TWO JOURNALISTS KILLED IN ONE WEEK
On 24 July 2006, 73-year-old freelance journalist Ajuricaba Monassa de Paula was beaten to death in Guapirimim, Rio de Janeiro state, reported RSF. Monassa was arguing with a relative of Osvaldo Vivas, a councillor he had accused of questionable administrative practices. Vivas intervened and began hitting Monassa until he collapsed, according to RSF.
Monassa was a freelance writer for several magazines and websites, and was a constant critic of the municipal government, whom he accused of lacking in transparency and breaking promises, RSF noted. Monassa was affiliated with the Brazilian Press Association (ABI) and was a member of the local opposition.
In São Bernardo do Campo, São Paulo state, Manoel Paulino da Silva was gunned down by unidentified men on 20 July, reported IAPA. Da Silva was the founder and owner of the newspaper "Hoje Jornal", whose directors told IAPA that Da Silva had neither received any threats nor published information that could have provoked the shooting. Local police said they were not ruling out the possibility that the murder was connected to Da Silva's work as a newspaper owner.
Although Brazil's constitution guarantees free expression and prohibits censorship, the country is a dangerous one for the press, says the Committee to Protect Journalists (CPJ). Four journalists have been killed for their work in the past five years, with most of the attacks taking place in the country's vast interior, where corruption and drug trafficking are prevalent and local governments often weak. In most of these cases, no one has been prosecuted.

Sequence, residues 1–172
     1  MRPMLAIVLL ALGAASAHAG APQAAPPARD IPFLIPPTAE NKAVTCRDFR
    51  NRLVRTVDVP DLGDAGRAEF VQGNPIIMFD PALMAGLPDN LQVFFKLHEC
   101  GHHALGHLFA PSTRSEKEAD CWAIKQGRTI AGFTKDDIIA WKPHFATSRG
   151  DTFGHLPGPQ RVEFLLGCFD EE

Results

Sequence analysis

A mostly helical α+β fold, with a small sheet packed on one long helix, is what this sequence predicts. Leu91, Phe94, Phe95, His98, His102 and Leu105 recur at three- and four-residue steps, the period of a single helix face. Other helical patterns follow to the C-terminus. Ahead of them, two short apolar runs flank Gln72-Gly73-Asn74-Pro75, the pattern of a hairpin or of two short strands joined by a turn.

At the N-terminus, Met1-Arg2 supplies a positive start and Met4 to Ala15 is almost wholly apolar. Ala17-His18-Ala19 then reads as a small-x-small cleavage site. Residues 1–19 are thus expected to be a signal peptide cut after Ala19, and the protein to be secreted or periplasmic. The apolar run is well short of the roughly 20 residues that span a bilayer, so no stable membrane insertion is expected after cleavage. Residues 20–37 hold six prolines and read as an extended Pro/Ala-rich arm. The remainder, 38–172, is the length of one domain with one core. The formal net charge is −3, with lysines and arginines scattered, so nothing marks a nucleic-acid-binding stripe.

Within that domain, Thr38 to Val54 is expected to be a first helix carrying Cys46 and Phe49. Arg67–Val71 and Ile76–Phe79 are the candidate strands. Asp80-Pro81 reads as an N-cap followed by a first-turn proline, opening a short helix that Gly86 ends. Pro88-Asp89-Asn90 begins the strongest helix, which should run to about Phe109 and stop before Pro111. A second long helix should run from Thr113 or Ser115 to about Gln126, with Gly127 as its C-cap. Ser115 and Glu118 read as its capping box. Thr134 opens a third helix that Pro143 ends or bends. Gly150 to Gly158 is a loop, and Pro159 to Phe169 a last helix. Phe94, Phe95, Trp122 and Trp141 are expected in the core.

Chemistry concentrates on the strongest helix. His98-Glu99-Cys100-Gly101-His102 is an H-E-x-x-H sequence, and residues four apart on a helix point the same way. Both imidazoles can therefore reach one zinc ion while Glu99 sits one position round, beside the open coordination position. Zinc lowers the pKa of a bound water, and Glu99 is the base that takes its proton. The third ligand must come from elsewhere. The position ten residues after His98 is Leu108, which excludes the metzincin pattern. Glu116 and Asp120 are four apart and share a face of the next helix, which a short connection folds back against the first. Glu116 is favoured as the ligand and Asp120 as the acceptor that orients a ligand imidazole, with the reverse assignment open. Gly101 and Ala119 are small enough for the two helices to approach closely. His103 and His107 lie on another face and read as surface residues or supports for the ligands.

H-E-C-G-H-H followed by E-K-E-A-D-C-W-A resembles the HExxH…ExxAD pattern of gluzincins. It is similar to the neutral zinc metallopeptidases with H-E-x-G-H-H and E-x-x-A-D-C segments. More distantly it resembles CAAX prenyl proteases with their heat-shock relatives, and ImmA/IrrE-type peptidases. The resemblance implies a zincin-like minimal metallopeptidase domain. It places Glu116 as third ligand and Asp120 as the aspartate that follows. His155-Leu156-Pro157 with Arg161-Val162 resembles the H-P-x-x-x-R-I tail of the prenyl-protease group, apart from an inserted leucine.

Recently, several journalists in Brazil have survived assassination attempts or received death threats. Vilmar Berna, editor of a newspaper covering environmental issues in Niterói, Rio de Janeiro state, has received death threats since May, says RSF. In his publication "Jornal do Meio Ambiente, Berna revealed the illegal use of fine-mesh nets in Rio de Janeiro bay. It wasn't until media reported on the threats that local judicial authorities took up Berna's complaint on 5 July, almost a month after he filed it with police.
In São Sebastião, gunmen stormed the offices of the daily newspaper "Imprensa Livre" on 18 May, beat employees and set fire to that day's print run, reported RSF and CPJ. The attackers told employees that the newspaper should stop reporting on Primeiro Comando da Capital (PCC), a local gang authorities have blamed for a wave of violence in São Paulo that has left at least 170 people dead since May. The newspaper's director said the attack "will not silence our editorial line."
On 2 May, community radio presenter Camelo Luís de Sá was shot twice in the arm while presenting his programme in the northeastern town of Quiterianópolis, Ceará state, reported RSF. Witnesses identified the gunman as Antônio Valceni Vieira, the son of Quiterianópolis mayor Francisco Vieira Costa, a member of the opposition Brazilian Democratic Movement Party.
Visit these links:
- RSF: http://www.rsf.org/article.php3?id_article=18399
- IAPA: http://www.sipiapa.com
- IAPA Report on Brazil: http://www.sipiapa.com/pulications/informe_brazil2006.cfm
- CPJ: http://www.cpj.org/attacks05/americas05/brazil_05.html
- Human Rights Watch Briefing on Brazil: http://hrw.org/english/docs/2006/01/18/brazil12204.htm
- ABRAJI: http://www.abraji.org.br/
- OAS: http://www.cidh.org/Relatoria/showarticle.asp?artID=672&lID=1
- BBC: http://news.bbc.co.uk/2/hi/americas/5173830.stm